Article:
Culture, Interpersonal Stress, and Psychological Distress

Takeshi Hashimoto, Taraneh Mojaverian, Heejung S. Kim

Research output: Contribution to journalArticlepeer-review

27 Scopus citations


The present study examined cultural differences in interpersonal stress experiences in Japan and the United States. Japanese and U.S. students completed a questionnaire that included measures of interpersonal stressors, the behavior inhibition system (BIS), and psychological distress. As hypothesized, frequency of interpersonal friction was higher in Japan than in the United States, whereas frequency of interpersonal conflict did not differ across cultures. BIS partially mediated relationships between culture and frequency of interpersonal friction.

Original languageEnglish
Pages (from-to)527-532
Number of pages6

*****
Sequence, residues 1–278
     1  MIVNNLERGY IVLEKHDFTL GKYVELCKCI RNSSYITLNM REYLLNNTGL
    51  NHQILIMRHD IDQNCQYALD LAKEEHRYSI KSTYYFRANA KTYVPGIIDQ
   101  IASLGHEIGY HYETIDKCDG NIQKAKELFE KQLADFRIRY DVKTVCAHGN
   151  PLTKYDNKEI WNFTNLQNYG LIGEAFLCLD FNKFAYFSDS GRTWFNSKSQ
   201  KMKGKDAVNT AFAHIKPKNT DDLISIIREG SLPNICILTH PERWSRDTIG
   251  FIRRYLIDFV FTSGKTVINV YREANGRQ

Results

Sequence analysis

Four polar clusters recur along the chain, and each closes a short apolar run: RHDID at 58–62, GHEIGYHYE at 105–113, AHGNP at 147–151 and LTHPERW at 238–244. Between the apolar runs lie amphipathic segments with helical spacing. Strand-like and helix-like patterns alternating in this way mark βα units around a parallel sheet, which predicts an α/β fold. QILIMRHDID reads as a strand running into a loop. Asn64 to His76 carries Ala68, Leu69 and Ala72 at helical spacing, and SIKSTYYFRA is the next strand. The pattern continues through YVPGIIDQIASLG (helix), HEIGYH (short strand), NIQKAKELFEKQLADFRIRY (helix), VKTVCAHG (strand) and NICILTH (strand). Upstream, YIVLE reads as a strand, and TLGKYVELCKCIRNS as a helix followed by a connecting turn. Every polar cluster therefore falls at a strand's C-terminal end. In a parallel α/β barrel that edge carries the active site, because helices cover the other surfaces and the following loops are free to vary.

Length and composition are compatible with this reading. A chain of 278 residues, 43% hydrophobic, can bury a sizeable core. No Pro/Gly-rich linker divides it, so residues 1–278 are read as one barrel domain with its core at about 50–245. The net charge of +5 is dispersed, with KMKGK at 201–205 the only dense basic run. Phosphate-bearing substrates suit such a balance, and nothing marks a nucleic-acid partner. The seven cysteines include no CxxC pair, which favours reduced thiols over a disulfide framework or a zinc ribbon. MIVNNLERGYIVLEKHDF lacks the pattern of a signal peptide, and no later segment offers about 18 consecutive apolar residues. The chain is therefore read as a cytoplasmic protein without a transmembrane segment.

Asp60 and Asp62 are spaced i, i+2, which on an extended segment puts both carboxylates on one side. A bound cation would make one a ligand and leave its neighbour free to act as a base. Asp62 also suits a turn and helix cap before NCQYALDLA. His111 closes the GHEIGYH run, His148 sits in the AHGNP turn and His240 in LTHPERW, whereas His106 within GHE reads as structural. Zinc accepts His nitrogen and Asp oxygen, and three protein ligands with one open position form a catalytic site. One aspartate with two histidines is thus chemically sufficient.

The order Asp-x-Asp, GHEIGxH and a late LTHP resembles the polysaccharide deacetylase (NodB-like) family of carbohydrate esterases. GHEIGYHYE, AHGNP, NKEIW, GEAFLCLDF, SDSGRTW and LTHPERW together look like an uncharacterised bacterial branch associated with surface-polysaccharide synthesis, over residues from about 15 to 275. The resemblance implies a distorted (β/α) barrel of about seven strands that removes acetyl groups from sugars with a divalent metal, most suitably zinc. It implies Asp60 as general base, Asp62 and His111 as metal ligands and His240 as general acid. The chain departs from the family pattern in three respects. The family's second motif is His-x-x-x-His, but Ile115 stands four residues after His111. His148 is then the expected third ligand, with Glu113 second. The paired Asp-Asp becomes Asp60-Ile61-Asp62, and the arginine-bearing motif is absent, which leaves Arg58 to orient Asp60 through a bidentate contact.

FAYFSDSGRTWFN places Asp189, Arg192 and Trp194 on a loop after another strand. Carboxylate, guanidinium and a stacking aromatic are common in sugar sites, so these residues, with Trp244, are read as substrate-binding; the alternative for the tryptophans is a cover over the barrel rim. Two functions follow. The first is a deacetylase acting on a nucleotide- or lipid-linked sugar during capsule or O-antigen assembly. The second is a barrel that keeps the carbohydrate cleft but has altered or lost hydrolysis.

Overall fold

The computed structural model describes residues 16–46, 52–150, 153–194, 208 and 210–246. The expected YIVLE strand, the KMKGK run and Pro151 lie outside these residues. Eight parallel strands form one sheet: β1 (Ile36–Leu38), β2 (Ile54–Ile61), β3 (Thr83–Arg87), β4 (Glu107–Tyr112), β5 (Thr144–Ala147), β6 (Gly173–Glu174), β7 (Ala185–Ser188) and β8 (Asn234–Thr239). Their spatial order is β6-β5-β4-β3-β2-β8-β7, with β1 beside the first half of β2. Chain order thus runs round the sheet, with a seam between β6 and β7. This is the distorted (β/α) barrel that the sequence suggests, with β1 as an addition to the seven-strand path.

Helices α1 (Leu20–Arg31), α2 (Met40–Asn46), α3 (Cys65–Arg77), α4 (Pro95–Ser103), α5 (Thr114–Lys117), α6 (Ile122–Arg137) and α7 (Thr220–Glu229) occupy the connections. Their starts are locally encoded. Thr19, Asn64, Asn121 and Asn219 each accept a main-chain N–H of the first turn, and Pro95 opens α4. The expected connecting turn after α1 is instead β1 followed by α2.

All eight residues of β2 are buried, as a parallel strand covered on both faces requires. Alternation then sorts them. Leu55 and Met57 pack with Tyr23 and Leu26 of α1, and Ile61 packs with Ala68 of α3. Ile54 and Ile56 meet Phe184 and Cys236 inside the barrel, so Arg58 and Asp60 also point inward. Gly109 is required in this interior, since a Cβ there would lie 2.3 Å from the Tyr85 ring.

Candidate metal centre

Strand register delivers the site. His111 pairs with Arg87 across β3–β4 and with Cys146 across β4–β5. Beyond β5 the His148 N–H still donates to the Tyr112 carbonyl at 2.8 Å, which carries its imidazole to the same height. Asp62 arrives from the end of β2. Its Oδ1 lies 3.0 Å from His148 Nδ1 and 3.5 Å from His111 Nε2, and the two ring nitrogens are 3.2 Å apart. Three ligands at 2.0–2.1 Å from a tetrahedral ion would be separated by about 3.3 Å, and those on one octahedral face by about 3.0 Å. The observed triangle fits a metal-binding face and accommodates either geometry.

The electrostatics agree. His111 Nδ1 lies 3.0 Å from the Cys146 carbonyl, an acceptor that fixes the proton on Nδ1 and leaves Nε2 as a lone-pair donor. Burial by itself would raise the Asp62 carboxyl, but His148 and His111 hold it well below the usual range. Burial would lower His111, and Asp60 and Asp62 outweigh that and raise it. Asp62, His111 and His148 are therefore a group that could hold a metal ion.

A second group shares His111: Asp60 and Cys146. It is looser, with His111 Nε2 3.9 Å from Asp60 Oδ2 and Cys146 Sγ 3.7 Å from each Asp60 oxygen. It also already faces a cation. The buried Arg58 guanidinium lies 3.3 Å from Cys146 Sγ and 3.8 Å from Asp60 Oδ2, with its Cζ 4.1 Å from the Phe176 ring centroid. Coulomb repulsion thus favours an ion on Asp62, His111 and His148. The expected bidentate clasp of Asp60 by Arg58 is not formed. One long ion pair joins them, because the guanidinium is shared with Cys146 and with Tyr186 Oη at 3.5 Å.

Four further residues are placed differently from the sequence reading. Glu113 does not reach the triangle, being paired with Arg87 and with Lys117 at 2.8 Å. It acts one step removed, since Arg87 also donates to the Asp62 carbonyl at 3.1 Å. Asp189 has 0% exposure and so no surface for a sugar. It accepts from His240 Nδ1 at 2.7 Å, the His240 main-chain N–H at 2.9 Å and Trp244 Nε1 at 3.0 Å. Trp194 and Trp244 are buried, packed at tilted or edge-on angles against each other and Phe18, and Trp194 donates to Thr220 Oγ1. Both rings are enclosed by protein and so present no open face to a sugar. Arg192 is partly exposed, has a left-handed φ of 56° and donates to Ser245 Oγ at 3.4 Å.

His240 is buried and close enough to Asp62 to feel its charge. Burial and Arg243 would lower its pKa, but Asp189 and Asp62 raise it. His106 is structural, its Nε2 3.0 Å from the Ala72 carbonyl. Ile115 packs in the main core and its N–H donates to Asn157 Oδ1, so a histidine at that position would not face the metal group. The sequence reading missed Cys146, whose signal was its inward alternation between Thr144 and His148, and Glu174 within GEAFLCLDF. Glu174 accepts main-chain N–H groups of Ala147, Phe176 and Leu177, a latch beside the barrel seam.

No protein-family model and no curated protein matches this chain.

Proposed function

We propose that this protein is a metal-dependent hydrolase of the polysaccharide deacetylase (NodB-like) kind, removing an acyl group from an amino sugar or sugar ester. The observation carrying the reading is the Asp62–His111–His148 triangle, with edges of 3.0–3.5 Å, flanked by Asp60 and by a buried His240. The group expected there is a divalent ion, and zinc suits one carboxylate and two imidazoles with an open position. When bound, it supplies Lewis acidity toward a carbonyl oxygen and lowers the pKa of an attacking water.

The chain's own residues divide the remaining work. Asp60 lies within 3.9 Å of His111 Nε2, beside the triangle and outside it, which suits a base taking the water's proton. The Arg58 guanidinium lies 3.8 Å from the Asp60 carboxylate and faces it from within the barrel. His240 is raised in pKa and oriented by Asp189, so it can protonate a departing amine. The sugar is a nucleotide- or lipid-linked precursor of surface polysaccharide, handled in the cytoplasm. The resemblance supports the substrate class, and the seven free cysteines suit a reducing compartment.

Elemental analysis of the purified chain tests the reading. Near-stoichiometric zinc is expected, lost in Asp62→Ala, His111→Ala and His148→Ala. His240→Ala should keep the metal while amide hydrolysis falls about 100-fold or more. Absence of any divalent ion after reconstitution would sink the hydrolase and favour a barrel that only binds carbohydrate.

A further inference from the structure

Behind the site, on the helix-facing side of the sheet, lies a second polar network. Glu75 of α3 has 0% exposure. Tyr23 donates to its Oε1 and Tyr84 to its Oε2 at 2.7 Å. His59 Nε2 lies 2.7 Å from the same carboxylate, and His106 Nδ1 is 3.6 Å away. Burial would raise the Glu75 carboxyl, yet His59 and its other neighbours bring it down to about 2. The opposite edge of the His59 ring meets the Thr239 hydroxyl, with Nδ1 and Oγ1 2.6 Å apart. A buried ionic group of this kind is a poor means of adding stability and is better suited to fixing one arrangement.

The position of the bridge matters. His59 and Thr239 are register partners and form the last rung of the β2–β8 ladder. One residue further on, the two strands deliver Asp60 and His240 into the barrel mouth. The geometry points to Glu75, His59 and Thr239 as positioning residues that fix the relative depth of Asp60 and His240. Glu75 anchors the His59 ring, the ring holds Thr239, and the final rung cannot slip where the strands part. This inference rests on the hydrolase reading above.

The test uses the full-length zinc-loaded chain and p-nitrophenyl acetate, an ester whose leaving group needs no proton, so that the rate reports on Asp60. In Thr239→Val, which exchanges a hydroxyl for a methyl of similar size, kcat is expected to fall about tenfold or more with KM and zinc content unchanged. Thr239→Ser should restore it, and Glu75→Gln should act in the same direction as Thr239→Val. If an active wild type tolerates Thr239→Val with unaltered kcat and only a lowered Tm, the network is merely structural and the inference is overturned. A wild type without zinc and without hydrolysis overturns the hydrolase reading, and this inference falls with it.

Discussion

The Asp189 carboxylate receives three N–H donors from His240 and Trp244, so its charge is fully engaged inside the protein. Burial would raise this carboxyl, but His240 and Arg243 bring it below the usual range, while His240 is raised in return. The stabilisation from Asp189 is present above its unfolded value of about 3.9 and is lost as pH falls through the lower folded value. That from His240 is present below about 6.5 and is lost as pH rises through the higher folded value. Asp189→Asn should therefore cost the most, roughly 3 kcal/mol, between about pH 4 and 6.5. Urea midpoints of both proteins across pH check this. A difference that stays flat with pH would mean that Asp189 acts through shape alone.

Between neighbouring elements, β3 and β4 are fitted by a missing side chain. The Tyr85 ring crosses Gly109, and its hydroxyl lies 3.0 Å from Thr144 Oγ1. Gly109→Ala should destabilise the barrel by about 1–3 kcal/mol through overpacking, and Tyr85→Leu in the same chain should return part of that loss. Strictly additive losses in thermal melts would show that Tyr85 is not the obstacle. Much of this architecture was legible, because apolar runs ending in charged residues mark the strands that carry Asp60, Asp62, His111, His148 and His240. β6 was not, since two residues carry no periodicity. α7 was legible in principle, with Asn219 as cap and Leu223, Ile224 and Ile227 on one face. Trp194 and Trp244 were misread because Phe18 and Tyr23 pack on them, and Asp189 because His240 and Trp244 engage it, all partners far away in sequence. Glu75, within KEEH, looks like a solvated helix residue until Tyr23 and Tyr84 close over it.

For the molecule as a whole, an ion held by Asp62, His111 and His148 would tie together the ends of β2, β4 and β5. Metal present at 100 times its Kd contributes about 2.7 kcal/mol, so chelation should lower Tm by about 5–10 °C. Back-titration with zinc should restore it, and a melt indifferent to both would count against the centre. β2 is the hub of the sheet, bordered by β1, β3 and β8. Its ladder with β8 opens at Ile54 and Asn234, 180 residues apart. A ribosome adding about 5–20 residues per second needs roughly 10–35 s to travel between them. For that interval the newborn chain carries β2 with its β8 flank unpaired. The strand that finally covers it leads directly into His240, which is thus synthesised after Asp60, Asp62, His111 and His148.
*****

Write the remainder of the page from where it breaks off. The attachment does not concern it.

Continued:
JournalJournal of Cross-Cultural Psychology
Issue number4
StatePublished - May 2012

Bibliographical note

Funding Information:
The authors disclosed receipt of the following financial support for the research, authorship, and/or publication of this article: This research was supported by The Ministry of Education, Culture, Sports, Science and Technology, Grant-in-Aid for Young Scientists (B) No. 19730386.


  • Cultural
  • Interpersonal relationships
  • Personality
  • Psychology


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